To buy or sell now or not to buy or sell now? That is the question. Some of the most common questions I am currently being asked are “where is the real estate market heading” and “are we in a housing bubble and if so, will it burst”?
I thought I’d take this opportunity to delve into what a housing bubble is, explain why I believe we, in the Cayman Islands, are not in one and why the housing market in the Cayman Islands is much more resilient compared to other markets.
What is a housing bubble?
You’ve probably heard the term “housing bubble” but what exactly does that mean.
A real estate bubble, also referred to as a “housing bubble,” occurs when the price of housing rises at a rapid pace, driven by an increase in demand, limited supply, and emotional buying. Once speculators recognize that housing prices are on the rise, they enter the market, further driving up demand.
These bubbles are caused by a variety of factors including rising economic prosperity, low interest rates, wider mortgage product offerings, and easy access to credit.
The US housing bubble burst of 2008
On September 29, 2008, the stock market crash was the biggest single day drop in the history up to that point. The aftermath of this catastrophic financial event wiped out big chunks of Americans’ retirement savings and affected the economy long after the stock market recovered.[i]
The stock market crashed in 2008 because too many people had taken on loans they couldn’t afford. If you lived in the US at this time, it felt like getting qualified for a mortgage was as easy as going through a Starbucks drive through. Mortgages, and credit itself, was easy to get and the amounts that people qualified for were way above what should have been allowed.
In the United States particularly, if you were house hunting before the market crash of 2008, you could choose between an array of loan products to keep your payments low such as an interest-only loan, a “choose-your-own-payment” loan, a balloon payment loan, or an adjustable-rate mortgage (ARM) with an extremely high cap. If your credit score was low, you didn’t have money for a down payment or your income was erratic, you could get around all those obstacles with a no-documentation loan, sometimes for as much as 125% of the home value.[ii]
Easy credit and rising home prices resulted in a speculative real estate bubble, but when the market crashed, there were definite signs much earlier that something was amiss.
In the late 90s, the Federal National Mortgage Association began its crusade to make home loans accessible to borrowers with a lower credit score. Lenders who extended home loans to high-risk borrowers offered mortgages with unconventional terms to reflect the increased likelihood of default. The relaxed lending standards fuelled the housing growth and corresponding rise in home values. People with bad credit and little-to-no savings were offered loans they could not afford.[iii]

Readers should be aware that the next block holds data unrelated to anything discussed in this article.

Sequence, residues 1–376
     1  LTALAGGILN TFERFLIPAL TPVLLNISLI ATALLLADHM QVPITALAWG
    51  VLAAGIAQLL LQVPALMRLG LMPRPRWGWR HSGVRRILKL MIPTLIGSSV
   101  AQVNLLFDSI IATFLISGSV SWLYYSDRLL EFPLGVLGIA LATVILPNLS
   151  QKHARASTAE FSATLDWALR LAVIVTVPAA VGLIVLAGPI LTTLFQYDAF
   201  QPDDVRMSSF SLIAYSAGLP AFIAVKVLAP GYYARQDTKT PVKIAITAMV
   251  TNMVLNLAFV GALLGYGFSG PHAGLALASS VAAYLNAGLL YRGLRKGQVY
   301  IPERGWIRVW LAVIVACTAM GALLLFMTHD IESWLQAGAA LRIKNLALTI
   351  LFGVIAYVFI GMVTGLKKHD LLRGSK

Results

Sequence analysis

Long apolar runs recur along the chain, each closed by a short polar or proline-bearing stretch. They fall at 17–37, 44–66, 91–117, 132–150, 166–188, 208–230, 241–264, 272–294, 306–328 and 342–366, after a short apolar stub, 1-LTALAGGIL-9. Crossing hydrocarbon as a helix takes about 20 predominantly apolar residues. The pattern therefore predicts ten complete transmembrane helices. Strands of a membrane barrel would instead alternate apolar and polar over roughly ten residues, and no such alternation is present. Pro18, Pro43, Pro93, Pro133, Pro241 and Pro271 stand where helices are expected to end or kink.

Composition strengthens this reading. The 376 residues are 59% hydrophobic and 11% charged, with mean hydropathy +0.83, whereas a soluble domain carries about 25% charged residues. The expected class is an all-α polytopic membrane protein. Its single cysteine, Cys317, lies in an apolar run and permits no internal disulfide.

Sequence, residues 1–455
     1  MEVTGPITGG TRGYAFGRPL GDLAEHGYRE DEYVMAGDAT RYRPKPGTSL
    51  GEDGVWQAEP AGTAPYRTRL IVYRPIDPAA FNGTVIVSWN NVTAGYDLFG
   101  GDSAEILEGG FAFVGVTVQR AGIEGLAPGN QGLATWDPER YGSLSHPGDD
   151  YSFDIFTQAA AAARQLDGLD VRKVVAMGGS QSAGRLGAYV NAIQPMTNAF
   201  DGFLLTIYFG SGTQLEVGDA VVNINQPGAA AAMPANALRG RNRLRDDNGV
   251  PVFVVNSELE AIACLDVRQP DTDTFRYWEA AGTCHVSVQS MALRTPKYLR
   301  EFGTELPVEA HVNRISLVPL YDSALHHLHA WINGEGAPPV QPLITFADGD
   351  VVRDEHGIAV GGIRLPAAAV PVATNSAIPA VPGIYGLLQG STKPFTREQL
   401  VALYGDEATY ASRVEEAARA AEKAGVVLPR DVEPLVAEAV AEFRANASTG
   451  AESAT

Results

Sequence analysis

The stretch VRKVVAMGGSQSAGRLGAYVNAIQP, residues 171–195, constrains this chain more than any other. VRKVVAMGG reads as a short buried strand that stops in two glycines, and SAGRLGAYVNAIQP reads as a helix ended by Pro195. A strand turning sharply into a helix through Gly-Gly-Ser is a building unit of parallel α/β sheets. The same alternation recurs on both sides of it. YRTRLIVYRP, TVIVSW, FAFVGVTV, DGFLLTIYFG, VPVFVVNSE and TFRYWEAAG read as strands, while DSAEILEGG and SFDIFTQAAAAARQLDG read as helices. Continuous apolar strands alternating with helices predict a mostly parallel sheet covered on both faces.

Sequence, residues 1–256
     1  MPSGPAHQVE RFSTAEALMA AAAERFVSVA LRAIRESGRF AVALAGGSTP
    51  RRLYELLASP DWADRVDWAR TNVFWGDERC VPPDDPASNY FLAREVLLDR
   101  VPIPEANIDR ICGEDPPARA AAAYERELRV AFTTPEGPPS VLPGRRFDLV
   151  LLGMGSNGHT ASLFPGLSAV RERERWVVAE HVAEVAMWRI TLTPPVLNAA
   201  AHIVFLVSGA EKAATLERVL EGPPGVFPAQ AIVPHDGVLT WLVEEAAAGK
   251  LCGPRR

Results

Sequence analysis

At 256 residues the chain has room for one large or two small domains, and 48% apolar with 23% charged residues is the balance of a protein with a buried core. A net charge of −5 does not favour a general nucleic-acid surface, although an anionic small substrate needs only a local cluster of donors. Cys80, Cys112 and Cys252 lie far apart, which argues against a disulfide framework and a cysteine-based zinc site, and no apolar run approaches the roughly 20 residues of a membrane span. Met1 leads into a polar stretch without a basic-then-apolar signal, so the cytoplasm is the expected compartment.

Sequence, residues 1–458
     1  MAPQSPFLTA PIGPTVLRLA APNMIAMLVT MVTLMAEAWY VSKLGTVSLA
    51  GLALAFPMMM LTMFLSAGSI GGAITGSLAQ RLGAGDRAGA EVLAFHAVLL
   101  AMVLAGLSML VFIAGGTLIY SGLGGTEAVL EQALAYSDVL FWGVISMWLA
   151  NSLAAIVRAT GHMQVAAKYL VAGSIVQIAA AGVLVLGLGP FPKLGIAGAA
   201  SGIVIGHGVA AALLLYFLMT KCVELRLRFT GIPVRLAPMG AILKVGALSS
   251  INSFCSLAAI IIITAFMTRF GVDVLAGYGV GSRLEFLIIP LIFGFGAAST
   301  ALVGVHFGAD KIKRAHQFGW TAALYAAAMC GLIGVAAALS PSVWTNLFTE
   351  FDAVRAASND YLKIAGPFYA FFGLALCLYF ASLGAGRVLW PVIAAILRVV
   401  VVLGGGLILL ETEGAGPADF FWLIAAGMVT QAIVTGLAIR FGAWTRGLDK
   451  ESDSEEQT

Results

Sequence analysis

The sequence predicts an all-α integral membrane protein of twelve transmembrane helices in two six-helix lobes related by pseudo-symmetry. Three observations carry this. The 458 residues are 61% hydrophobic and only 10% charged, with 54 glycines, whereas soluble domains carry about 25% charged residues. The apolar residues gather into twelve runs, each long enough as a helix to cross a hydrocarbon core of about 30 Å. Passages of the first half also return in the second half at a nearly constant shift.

Housing prices continued to increase, and this increased home equity which offset bad debt build up. If a borrower defaulted, banks could foreclose without taking a loss on the sale.
But in 2007, the housing market started to decline. Homeowners now found themselves “upside down” on their mortgage meaning they owned more than their home was worth. Then came job losses, increasing mortgage payments, and loss or substantial decline in savings especially retirement savings which all contributed to the burst of the US housing market.
It is estimated that in the US homeowners’ loss was up to $16 trillion in net worth and 10 million people lost their homes due to foreclosure.[iv]
Are we in a housing bubble?
The short answer is no, we are not in a housing bubble and therefore there will be no housing bubble burst.
For a housing bubble to burst, there needs to be a steep incline in inventory and new listings, and a decline in demand. While the demand side of the equation seems to have eased from 2020 and 2021, supply levels are still far from the flood needed to pull the real estate market into a tailspin.
I believe this is not only true for the Cayman Islands market but for the US as outlined in my previous article, where the US is short some 4 million homes.
It all comes down to inventory. This is quite reversed as we are short of inventory in many areas of the market whether in the high or low end. We have demand which will continue going forward as Cayman still draws more and more people to its shores for all the same reasons we’ve mentioned in previous articles.
It is also important to keep in mind that unlike 2008 and earlier, home buyers are in a different world. Pre-crash loan products are mostly gone, buyers need to fully document everything and must meet minimum down payment requirements.
Right now, in the Cayman Islands real estate market we are in a unique situation. Our inventory has started to slowly increase, and prices are continuing to go up. I believe that transactions will continue to slow down, which is our response to any historical crisis that has affected the market, and there will be a slowdown in rate of the annual appreciation of the last couple of years. This isn’t something new but more of a return to the traditional curve we’ve seen in the past.